“It’s all about the beer” used to be Heineken’s tagline in the U.S. But if you had to tag the brand’s relationship with creative agencies, “it’s all about churn” would be a better fit.
In the past nine years, six agencies have worked on the Heineken’s U.S. business: Lowe, D’Arcy Masius Benton & Bowles, Publicis, Berlin Cameron United, Wieden + Kennedy, and Euro RSCG. Heineken USA has been around the block so much that it’s next agency will be an old one: the New York offices of Publicis (2003-07) and Wieden (2008-09) are pitching the $60 million account, following the brand’s split with Euro RSCG.
“When you have clients that are serial reviewers, oftentimes one has to question whether the problem lies within,” said Ken Robinson of search consultancy Ark Advisors in New York. “Not only that, but how can you possibly put together a cohesive positioning when they switch agencies so frequently? They don’t seem to be giving enough time to anyone to make enough of an impact.”
What’s driving the agency turnover? Executives who’ve worked on Heineken point to turnover in the leadership ranks of Heineken USA in recent years (four CEOs and four CMOs since 2005) and pressure from Heineken executives at HQ in Holland. The two factors seem related, given that the U.S. is among Heineken’s largest markets and the base brand’s sales volume has slid 20 percent from its peak of 5.2 million barrels in 2007, according to Beer Marketer’s Insights.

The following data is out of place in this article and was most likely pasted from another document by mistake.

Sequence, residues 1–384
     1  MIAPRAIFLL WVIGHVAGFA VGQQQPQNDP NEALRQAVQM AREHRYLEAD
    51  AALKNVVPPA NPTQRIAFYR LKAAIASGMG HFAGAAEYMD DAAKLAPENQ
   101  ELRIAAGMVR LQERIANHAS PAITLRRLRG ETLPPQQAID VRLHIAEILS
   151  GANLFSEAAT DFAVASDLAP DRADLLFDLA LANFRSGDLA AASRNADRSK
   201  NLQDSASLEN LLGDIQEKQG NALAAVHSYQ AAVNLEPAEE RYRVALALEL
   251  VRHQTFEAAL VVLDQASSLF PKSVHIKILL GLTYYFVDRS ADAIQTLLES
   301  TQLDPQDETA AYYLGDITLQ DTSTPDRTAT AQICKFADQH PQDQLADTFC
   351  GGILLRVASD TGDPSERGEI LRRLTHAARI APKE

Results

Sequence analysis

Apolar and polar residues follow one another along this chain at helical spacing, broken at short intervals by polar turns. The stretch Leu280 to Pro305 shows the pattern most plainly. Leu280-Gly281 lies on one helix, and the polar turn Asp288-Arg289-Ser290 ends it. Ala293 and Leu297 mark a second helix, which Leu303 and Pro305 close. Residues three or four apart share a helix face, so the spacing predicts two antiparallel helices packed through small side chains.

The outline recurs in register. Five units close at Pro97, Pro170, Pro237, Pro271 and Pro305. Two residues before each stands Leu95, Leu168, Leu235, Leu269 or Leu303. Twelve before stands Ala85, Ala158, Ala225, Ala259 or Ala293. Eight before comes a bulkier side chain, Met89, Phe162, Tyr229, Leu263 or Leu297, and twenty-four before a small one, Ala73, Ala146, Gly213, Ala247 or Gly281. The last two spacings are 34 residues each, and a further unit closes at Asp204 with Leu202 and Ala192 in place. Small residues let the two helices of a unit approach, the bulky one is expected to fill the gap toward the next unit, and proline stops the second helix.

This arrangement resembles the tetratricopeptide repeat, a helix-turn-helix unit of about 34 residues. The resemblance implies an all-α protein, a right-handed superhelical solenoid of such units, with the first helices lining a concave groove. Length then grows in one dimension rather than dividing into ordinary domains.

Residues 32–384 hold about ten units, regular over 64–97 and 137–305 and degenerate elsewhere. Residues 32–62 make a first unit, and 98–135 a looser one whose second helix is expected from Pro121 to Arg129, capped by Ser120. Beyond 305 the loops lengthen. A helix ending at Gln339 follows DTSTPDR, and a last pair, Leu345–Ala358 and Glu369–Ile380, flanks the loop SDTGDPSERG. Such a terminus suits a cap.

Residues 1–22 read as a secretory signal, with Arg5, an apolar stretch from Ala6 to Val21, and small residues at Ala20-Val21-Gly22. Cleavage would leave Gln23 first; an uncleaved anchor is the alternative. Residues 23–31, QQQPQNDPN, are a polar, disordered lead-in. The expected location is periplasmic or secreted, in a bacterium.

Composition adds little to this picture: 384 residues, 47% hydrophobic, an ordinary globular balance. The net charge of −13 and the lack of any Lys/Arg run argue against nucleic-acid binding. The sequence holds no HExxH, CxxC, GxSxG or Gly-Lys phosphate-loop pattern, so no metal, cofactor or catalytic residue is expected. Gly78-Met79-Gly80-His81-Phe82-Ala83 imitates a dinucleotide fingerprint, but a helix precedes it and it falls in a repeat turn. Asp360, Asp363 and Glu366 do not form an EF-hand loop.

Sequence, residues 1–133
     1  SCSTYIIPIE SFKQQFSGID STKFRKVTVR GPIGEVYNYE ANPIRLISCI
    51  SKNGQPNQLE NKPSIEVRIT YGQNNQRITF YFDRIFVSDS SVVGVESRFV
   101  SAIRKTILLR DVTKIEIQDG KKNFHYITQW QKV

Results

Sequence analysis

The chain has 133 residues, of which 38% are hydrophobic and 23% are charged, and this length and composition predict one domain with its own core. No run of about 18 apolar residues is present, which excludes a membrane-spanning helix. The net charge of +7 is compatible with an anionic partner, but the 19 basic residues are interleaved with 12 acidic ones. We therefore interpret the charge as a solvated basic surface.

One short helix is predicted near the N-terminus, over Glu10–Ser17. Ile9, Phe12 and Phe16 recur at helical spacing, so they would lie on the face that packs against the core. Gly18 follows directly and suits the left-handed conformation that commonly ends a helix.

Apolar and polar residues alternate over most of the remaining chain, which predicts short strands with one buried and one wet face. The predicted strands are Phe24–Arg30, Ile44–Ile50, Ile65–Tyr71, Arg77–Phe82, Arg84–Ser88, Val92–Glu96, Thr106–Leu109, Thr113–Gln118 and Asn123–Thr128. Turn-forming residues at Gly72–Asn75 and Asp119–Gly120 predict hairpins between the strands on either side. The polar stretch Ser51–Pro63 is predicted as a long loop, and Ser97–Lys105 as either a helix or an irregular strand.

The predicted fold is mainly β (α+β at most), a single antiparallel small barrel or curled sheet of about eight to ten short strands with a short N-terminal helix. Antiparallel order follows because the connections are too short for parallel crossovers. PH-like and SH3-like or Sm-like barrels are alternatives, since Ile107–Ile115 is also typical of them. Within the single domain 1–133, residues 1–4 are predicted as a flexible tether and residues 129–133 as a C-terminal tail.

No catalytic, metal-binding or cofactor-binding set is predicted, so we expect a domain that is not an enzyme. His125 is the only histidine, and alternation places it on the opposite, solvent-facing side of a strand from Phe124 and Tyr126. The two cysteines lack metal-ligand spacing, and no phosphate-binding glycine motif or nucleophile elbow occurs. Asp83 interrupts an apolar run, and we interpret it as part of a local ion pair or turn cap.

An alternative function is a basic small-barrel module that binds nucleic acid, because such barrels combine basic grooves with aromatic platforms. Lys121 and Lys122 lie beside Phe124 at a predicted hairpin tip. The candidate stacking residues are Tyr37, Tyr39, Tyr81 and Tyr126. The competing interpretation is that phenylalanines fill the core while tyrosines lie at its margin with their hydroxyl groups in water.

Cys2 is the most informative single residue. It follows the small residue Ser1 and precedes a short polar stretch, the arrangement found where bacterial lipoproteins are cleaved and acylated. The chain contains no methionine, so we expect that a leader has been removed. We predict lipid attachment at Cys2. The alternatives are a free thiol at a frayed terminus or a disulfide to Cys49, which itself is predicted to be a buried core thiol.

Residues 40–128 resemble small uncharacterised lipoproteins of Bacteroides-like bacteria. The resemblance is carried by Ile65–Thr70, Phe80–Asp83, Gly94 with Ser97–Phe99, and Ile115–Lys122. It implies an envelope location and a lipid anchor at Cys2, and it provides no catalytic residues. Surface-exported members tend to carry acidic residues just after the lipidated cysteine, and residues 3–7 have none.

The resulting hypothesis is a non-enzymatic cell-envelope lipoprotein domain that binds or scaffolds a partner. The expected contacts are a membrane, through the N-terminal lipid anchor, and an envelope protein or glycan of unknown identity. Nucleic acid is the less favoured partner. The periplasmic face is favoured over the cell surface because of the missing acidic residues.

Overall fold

Last year, volume on Heineken premium totaled 4.1 million barrels in the U.S.—down 5 percent from 2009 (4.4 million barrels) and 15 percent from 2008 (4.9 million barrels), per Beer Marketer’s Insights data.
Of course, marketers pay agencies to drive sales and when sales slide, shops are expendable. That said, Euro RSCG got just one campaign out the door after winning the business in the second half of 2009 and given its success with sister brand Dos Equis (“The Most Interesting Man in the World”), arguably deserved more time.
Heineken, for its part, attributed the turnover to “changes in strategy, a desire for more breakthrough creative and, in the most recent case, the need to consolidate agency relationships to successfully manage the brand from a global perspective.”
Indeed, both Wieden and Publicis work on Heineken overseas and hiring either shop may lead to a more global approach to branding. Their presence in the pitch, however, also confirms the influence of corporate headquarters on the process. New U.S. CMO Lesya Lysyj, a former marketing leader at Kraft Foods and Cadbury who joined March 1, may wonder what she walked into.
So, with all the churn, why do shops continue to line up to pitch? Don’t think the agency world’s chronic low self-esteem can explain this phenomenon alone. Rather, agency leaders cite the allure of working on a still-coveted global brand—which last year ranked 93 on Interbrand’s list of the 100 “best global brands”—and the seemingly irrational belief among agency brethren that THIS TIME the outcome will be different. After all, Burger King settled down at Crispin Porter + Bogusky for seven years after tearing through four agencies in 10 years. BK, of course, is on the move again.
“I just think we’re natural optimists and we always believe that we can make a difference,” said a leader at a former Heineken shop. “Is it delusional? Somewhat.”
After the jump, a gallery of Heineken TV spots from the past decade.